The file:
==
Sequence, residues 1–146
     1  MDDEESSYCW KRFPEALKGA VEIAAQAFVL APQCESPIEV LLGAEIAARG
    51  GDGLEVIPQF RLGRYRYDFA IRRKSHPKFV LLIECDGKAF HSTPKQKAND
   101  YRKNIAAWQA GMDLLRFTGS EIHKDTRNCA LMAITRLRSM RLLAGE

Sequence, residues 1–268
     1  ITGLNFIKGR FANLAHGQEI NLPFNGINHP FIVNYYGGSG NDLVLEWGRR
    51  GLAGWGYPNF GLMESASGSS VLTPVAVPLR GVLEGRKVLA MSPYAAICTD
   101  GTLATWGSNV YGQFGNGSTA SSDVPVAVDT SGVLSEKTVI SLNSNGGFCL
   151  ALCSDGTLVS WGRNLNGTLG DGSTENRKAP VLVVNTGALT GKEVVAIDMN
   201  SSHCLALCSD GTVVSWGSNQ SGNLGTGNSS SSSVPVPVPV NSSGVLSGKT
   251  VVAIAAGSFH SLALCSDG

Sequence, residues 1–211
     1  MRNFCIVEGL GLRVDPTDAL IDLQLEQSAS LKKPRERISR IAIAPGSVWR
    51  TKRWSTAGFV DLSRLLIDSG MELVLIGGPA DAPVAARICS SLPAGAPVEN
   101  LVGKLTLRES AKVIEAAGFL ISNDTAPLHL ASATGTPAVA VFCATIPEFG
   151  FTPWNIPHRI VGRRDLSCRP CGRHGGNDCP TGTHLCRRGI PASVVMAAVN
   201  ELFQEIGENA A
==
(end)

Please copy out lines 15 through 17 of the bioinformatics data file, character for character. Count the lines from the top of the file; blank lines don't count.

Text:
   101  LVGKLTLRES AKVIEAAGFL ISNDTAPLHL ASATGTPAVA VFCATIPEFG
   151  FTPWNIPHRI VGRRDLSCRP CGRHGGNDCP TGTHLCRRGI PASVVMAAVN
   201  ELFQEIGENA A